Many in the trucking industry would agree that getting your CDL is too easy these days. A few quick exams and a bit of driving training and you’re off to maneuver a massive load of freight and metal across the country. Is this because training is so efficient and expedient, or because trucking is easy to pick up in a matter of a few lessons and driving sessions? No. In fact, there’s no such thing as a minimum number of hours behind-the-wheel training required to get your CDL, causing many prospective drivers to enter their careers unprepared.
It’s no surprise that people are expressing concerns about how lenient driver training standards have gotten – After all, mistakes on the road frequently lead to the death of others. And roads are not getting any safer. On the contrary, the number of fatalities involving large trucks numbered 4,895 in 2020, a 33% increase compared to the 3,686 recorded fatalities ten years prior. It’s safe to assume that many accidents caused directly by CMV operators could be prevented with higher standards of training and a preparation for
Within the next few months, a pilot program lowering the interstate driving age for commercial motor vehicles will go into effect, allowing thousands of 18 year old drivers to truck long haul. This is, of course, to fight the ‘driver shortage’, which may actually be just a massive retention problem. We can get into that whole topic another day, but maybe a lack of training actually contributes to drivers leaving the profession, not the other way around. Hastily trained, unprepared 18 year olds are A) more likely to stay in the profession long term, B) More likely to get in over their heads and leave the profession, or C) More likely to get into an accident and lose their license due to lack of training and skill. What do you think?
The consequences of sending inexperienced drivers over the road speak for themselves. Each year, innocent people lose their lives because of CDL drivers who did not receive proper training. Such cases not only cost the lives of innocents, but occasionally incarceration for the surviving CDL driver, with charges of vehicular manslaughter frequently resulting in prison sentences well over 10 years. Though some would argue that punishing drivers is warranted, few talk about holding negligent companies accountable for accidents that could otherwise have been prevented through proper training. This is all circumstantial, of course, but important to think about regardless.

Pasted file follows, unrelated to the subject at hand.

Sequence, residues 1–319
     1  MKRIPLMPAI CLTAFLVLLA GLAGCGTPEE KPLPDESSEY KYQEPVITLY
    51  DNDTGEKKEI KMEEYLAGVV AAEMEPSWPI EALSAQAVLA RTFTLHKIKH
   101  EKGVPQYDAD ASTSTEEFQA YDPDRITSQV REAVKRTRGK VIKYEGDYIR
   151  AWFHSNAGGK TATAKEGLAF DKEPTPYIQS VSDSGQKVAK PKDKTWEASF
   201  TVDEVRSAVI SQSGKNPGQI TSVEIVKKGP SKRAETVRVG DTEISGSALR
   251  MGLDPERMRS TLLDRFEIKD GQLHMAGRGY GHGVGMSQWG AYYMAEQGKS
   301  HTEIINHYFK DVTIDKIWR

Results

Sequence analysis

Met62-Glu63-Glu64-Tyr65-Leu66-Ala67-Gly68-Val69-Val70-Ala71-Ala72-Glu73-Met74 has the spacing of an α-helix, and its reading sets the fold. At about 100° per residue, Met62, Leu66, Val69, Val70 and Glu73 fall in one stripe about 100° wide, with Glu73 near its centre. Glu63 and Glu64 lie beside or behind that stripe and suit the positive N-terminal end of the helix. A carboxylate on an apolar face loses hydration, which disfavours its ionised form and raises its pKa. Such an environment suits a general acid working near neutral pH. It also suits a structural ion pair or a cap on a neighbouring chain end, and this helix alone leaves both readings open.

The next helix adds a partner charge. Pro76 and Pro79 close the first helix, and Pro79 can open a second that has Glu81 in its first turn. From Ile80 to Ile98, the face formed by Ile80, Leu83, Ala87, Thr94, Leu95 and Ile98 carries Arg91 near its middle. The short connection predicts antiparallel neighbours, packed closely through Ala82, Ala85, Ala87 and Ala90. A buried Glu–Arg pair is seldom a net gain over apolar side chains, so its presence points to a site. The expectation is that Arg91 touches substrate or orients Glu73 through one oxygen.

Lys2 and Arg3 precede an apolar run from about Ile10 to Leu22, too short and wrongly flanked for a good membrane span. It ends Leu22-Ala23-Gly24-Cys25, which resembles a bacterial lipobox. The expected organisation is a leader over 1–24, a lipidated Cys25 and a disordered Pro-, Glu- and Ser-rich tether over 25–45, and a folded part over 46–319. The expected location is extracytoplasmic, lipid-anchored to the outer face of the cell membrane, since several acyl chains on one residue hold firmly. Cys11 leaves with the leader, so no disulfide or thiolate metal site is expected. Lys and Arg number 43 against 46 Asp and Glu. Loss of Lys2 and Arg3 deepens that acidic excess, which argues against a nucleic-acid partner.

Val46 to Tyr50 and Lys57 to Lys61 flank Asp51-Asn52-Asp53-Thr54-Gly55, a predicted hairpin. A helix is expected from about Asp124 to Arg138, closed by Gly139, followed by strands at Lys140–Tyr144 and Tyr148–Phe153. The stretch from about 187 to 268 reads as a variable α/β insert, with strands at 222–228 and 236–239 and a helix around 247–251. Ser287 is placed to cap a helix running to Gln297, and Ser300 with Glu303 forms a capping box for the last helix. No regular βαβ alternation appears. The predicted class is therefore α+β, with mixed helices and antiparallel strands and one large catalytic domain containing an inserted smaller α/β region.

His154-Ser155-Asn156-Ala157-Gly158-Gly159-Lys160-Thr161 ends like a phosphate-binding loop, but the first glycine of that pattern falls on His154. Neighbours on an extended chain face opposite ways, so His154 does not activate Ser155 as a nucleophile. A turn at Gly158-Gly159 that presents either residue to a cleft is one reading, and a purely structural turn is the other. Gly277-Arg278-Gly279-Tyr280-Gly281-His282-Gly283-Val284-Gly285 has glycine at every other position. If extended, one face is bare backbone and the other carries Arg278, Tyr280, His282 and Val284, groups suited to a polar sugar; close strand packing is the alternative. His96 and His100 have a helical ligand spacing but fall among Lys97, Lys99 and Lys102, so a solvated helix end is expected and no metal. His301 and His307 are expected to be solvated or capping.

Apart from this pilot program, new standards for driver training have been put into effect, but many see them as… not really mattering. Here’s an excerpt from our last blog about this regulation change:
Previously, people who wanted to learn to drive semi-trucks were able to ask family and friends to teach them the basics before taking any skills or knowledge tests. However, it has become more common for drivers to learn how to operate commercial motor vehicles at CDL school to have a better chance of getting a job (many insurances don’t allow carriers to take on drivers with no CDL school training).
The 2022 changes mean that budding drivers will no longer be able to learn from their family or friends or from other existing drivers. If you want to earn your CDL, you will need to be taught by a certified trainer.
The Owner-Operator Independent Drivers Association (OOIDA) has been pushing for increasing the training standards in the trucking industry for many years. The executive vice president of the OOIDA believes that there is a lack of resources and money being spent to train people in safely operating their CMVs. Aside from the OOIDA, there’s a whole list of organizations that campaign against the lowering of CDL driver age and are proponents of better training and road safety. Here are a few hat you can check out should you want to get involved:
The Biden administration has recently announced that it is trying to improve driver training as part of its Trucking Action Plan. The plan, announced in December 2021, outlines a variety of proposed improvements to trucking recruitment, training, and retention.
They plan to improve the standard of driver training through registered apprenticeships. These types of apprenticeships would guarantee any company that pays for CDL licensing and training also commits to wage increases over time.
The worry here is that these apprenticeships will do little to change the training landscape. Smaller companies will still be unable to invest into extensive training due to their limited resources. I guess time will tell if these new apprenticeship programs will offer anything beneficial.
Being able to overcome the challenges of the trucking industry is the key to your professional well-being as a CDL driver.
Staying on top of your game will help you make smarter choices, land better jobs, and have a clearer picture of where your career is heading.
We’re here to help you do just that.